Winter break: the joyous time during the college year when many students migrate to popular vacation spots such as Caribbean cruises, Florida, and Mexico. What do all of these tropical destinations have in common? They are all home to well known all-inclusive resorts.
For any of you all-inclusive newbies, an “all-inclusive” resort or cruise is a place where one rate covers all food and drink charges. Sounds a little bit like a place we all hold near and dear to our hearts: the dining hall.
Here are some ways that home sweet dining hall will remind you of the dining facilities from your latest all-inclusive vacation spot, along with some added tips for success in both places.
All You Can Eat
Just like at your college dining hall, all-inclusives let you (and encourage you) to stuff your face with as much food as your heart desires. This allows you to taste lots of different dishes, and you can even take second helpings.
But, it can be a clear disadvantage when you are given the option to eat as many chocolate chip cookies as you want before it’s even 12 pm. Pace yourself, my friends.
Endless Amounts of Unhealthy Food
Back to those cookies… both college dining halls and all-inclusive spots typically don’t just offer cookies. They offer cake, pie, three different types of cookies, and a choice between vanilla and chocolate ice cream at every single meal.
Not to mention the pizza station that is home to three different pies, and the station that is always sizzling with fresh french fries. Yikes.
#SpoonTip: Don’t fear the salad bar. It’s your friend. It remains the only spot you can consistently count on for healthy options. If you’re on vacation, it will help balance out the unlimited piña coladas.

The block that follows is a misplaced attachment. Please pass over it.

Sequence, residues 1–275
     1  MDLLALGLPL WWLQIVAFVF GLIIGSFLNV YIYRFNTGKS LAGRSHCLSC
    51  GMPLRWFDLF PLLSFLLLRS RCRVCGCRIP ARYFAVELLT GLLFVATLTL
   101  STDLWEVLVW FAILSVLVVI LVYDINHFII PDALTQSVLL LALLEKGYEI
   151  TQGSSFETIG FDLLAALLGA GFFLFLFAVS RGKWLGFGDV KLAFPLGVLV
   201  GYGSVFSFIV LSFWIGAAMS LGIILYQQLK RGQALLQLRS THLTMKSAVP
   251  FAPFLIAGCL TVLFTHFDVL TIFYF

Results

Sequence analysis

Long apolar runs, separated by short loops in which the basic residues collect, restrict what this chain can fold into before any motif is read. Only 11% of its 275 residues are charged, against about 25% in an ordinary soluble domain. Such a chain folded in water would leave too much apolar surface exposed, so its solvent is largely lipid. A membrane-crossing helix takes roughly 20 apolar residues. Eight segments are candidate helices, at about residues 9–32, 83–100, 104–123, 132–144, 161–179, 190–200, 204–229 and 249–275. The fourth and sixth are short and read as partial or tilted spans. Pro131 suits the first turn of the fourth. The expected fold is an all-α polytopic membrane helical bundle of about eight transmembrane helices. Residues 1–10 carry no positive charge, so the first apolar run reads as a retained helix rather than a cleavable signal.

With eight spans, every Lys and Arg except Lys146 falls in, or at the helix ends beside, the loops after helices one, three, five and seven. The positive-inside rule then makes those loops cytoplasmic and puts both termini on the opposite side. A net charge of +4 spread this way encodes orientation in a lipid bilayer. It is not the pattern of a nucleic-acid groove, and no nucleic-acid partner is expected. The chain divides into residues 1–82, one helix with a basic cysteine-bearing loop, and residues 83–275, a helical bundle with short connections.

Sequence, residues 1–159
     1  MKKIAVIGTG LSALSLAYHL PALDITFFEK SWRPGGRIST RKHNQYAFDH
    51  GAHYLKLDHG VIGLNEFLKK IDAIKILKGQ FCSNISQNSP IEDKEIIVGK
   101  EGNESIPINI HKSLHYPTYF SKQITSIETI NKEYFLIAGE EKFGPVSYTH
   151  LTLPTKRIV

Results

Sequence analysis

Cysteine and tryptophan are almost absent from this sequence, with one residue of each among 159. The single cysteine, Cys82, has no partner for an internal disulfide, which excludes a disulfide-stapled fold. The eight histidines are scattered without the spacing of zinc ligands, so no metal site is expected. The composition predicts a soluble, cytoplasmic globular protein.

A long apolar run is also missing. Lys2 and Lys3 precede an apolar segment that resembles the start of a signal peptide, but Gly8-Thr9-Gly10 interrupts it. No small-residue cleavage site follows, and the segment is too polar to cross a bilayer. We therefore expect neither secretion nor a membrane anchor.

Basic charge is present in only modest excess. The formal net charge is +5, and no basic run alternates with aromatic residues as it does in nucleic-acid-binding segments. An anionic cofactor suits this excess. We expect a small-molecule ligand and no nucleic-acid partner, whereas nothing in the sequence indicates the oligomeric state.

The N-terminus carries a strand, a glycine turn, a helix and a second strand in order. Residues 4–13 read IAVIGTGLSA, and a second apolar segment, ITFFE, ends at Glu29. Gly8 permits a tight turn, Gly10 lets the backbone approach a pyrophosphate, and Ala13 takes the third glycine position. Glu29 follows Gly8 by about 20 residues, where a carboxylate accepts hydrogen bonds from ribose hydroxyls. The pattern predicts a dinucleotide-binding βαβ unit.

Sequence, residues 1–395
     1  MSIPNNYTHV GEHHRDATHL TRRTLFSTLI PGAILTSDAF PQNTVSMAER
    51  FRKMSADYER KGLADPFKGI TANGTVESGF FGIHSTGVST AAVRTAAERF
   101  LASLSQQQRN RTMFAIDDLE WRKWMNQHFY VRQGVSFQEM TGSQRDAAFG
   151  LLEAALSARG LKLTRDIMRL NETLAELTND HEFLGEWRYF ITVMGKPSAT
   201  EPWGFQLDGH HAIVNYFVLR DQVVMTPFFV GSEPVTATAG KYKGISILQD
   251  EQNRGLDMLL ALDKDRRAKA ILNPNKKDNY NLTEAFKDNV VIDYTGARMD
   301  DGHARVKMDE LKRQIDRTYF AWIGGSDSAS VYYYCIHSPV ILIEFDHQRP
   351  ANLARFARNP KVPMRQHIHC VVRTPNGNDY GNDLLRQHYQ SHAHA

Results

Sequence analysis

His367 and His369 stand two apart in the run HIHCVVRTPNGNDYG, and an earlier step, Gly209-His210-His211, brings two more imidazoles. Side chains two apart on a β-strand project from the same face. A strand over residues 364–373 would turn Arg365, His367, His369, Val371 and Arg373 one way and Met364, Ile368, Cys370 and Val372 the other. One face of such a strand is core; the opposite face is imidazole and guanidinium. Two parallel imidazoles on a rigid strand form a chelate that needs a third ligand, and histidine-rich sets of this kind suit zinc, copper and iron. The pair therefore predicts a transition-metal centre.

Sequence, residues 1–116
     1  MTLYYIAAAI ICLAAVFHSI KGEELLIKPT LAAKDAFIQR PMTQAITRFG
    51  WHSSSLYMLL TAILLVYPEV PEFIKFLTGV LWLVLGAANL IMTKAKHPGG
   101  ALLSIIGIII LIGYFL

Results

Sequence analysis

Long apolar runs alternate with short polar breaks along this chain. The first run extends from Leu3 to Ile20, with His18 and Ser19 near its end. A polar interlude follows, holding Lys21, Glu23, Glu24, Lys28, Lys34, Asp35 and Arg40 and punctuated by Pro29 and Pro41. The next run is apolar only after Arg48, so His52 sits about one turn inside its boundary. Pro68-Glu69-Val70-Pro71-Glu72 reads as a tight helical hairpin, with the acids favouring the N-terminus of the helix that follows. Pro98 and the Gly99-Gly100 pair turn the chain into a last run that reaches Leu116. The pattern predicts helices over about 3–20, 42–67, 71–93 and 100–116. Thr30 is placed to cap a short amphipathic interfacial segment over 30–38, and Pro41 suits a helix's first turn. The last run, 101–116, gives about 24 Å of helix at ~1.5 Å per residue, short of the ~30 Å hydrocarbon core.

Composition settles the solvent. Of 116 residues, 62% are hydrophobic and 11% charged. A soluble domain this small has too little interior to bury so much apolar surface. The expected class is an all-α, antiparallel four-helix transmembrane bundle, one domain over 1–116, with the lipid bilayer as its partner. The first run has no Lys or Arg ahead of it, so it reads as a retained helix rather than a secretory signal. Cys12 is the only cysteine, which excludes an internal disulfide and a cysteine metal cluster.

Creativity is Necessary
College dining halls are often blamed for being one thing: bland. That’s why creativity is the key to success (thank you, DJ Khaled).
Whether that means using the microwave to make your own custom pizza bagel, or making an interesting quesadilla with the panini press when your only other option is the rubbery meat dish of the day that they are calling “chicken,” you gotta do what ya gotta do.
The same goes for all-inclusives. If you don’t like the options that you’re given at the buffet, take a bunch of items and make them into something delicious. If the pasta that they’re serving has a boring preparation, bring it over to the salad bar and add some of your favorite toppings. The more creative, the better.
You know the crowd of people that mobs the dining hall stations during prime dinner time? All-inclusives are no strangers to this kind of line chaos. All-inclusive buffets can quickly turn into “every man for themselves” battle zones that can only be compared to the college dining hall when good food is being served.
You also have to be careful about cutting the lines unless you want to make some serious enemies. If you want that morning omelet, you’re gonna have to wait your turn.
The Quality of the Food
As far as how good the food tastes in general, many times quantity compromises the quality of the food making it taste… questionable. This goes for both college dining halls and all-inclusive resorts where feeding the masses comes first and foremost. However, some college dining halls are taking the title of the best in the country.
For example, Virginia Tech’s dining halls serve Maine lobster instead of mystery meat. Some all-inclusive resorts in the Caribbean also hold the title for best food, so if you’re a foodie, there is no need to feel like an all-inclusive vacation is out of the picture.
Most of us dread going to the dining hall because we know that we are going to have to see people. And we all hate people (just kidding… kind of). A quick 20-minute dining hall break always turns into an hour visit because you end up seeing everyone at school that you know.
At all-inclusives, there’s the same social aspect that comes with open seating – especially on a cruise where you begin to see the same people over and over and over again, so be nice.